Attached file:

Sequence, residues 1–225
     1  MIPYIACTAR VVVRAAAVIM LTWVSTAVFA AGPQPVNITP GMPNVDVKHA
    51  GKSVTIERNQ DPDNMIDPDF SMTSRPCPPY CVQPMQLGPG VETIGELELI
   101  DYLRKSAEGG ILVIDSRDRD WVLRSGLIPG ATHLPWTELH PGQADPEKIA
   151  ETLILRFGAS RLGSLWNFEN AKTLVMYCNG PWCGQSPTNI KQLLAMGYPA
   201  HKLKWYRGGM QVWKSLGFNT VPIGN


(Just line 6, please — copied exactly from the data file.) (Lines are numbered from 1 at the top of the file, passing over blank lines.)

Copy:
   201  HKLKWYRGGM QVWKSLGFNT VPIGN